Income distribution – definition and example
Income Distribution looks at how much different socioeconomic groups in a country earn. In other words, income distribution refers to the equality or smoothness with which people’s incomes are distributed.
Income distribution tells us much more about a country’s economy and its wage patterns than average income does.
It can tell us, for example, how big the income gap is between university graduates and other people. In other words, it gives us insight into levels of inequality within a country.
Pay vs. wealth inequality
There are many types of inequality. For example, pay inequality refers to just people’s wages and salaries. Wealth inequality, on the other hand, includes all people’s assets, such as property, land, gold, investments, etc.
Countries with a relatively unequal distribution of income find it harder to grow economically in a sustainable way.
This difficulty arises because severe income inequality can lead to reduced consumer spending, decreased educational opportunities for lower-income groups, and increased social tensions
The Oxford Reference Dictionary has the following definition of income distribution:
“The division of total income between different recipients. Functional income distribution is the division of income between the owners of the different factors of production. Personal income distribution is the distribution of incomes classified by size. Income distribution can be measured before and after the deduction of direct taxes and the addition of transfers.”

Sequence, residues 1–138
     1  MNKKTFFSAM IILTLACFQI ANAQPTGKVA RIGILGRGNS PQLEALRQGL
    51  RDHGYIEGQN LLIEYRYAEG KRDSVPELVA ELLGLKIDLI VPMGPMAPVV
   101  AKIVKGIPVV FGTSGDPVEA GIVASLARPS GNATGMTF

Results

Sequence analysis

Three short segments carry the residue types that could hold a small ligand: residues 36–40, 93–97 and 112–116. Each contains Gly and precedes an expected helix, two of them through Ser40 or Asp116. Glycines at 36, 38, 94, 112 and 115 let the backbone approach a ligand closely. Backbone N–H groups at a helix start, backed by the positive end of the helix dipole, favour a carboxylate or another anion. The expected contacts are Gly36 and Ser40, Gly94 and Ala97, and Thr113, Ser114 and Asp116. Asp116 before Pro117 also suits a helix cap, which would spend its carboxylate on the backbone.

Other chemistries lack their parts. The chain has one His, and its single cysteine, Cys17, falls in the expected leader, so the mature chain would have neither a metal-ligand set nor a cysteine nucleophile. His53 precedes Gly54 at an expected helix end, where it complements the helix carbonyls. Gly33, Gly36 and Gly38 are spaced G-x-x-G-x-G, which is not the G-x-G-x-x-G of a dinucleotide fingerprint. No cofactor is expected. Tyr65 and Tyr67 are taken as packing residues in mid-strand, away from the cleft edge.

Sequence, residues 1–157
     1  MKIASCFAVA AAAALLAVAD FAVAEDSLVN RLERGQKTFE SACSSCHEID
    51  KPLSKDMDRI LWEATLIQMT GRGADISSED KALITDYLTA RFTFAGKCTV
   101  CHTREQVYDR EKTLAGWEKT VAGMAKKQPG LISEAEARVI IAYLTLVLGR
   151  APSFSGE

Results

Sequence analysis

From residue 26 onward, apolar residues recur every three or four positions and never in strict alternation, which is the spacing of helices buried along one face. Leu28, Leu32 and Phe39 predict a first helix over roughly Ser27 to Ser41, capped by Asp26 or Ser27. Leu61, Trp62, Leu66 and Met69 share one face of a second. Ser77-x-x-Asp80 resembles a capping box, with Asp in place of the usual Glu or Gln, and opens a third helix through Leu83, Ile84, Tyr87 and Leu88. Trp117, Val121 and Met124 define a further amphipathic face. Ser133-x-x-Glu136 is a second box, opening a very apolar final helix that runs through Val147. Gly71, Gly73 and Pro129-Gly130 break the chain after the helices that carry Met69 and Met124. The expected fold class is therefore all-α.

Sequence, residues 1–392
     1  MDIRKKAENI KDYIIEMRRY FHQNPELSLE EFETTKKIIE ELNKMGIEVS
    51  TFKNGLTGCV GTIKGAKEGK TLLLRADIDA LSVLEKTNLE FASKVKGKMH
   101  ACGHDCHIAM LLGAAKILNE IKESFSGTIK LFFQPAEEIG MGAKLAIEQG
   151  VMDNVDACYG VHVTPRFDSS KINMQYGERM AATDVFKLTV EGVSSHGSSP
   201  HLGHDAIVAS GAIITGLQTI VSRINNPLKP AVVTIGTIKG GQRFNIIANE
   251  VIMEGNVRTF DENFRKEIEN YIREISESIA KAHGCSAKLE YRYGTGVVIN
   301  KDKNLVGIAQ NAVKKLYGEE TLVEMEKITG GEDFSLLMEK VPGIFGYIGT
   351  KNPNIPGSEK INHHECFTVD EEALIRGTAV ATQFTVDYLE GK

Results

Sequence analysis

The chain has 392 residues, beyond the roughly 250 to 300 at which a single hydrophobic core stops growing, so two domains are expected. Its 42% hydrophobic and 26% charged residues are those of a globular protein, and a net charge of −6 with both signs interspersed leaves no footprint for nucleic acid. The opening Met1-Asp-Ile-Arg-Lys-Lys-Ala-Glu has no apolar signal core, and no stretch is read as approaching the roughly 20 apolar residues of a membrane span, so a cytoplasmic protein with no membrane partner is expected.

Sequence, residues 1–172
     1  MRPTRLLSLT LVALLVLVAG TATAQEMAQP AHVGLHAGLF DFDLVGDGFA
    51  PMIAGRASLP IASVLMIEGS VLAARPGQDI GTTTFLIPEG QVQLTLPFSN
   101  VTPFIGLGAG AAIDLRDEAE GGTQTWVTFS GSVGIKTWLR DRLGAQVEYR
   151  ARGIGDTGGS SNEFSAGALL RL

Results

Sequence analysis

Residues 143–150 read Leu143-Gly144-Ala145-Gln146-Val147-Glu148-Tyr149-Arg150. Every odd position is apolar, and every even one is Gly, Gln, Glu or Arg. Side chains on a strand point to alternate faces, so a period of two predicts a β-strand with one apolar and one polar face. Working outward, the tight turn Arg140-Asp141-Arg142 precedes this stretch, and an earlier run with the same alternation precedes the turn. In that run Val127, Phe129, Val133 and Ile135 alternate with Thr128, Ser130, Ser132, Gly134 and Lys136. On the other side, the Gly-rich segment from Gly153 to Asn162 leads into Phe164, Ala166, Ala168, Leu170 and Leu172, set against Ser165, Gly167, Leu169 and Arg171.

“Income distribution reveals what percentage of individuals are at various wage levels, information that can reveal more about overall wage patterns than average income can.”
Income inequality includes wages and other incomes, such as dividends, investment income, sales of things, etc.
Furthermore, income from investments and property tends to accumulate more significantly among higher-income groups, further exacerbating overall economic disparities.
The difference between the top and bottom incomes in a company is the wage ratio. For example, if the CEO earns $10,000,000 per year and average worker’s pay is $50,000, the wage ratio is 200:1.
GDP per capita and PPP
If a country has a higher GDP per capita than another, it does not necessarily mean it is richer. The one with the higher figure may be much more expensive. Therefore, after factoring in purchasing power parity (PPP), it may, in fact, turn out to be poorer.
Purchasing power parity looks at the relative value of a currency compared to others. In other words, what you can buy with one currency compared to other currencies.
Income distribution – extremes
Also, income distribution in the country with a higher GDP per capita may be more unequal.
There are two extremes when talking about the distribution of incomes: perfectly equal and perfectly unequal distribution.
If everybody has exactly the same income, we say that distribution is perfectly equal.
If just one person earns, while nobody else in the country has any income at all, distribution is perfectly unequal.
A country with perfectly equal distribution does not exist. Neither is there a nation with a perfectly unequal distribution.
The advanced economies are closer to perfectly equal distribution than the emerging or developing economies.
An emerging economy, such as China or Mexico, is a country that may soon become an advanced economy. We also call them emerging markets.
An advanced economy, such as the USA, UK, Germany, or Japan, is a ‘developed’ country.
Developing countries, such as Chad, Haiti, or Somalia, are the ‘poorest’ countries.
Video – What is Income Distribution?
This video presentation, from our YouTube partner channel – Marketing Business Network, explains what ‘Income Distribution’ means using simple and easy-to-understand language and examples.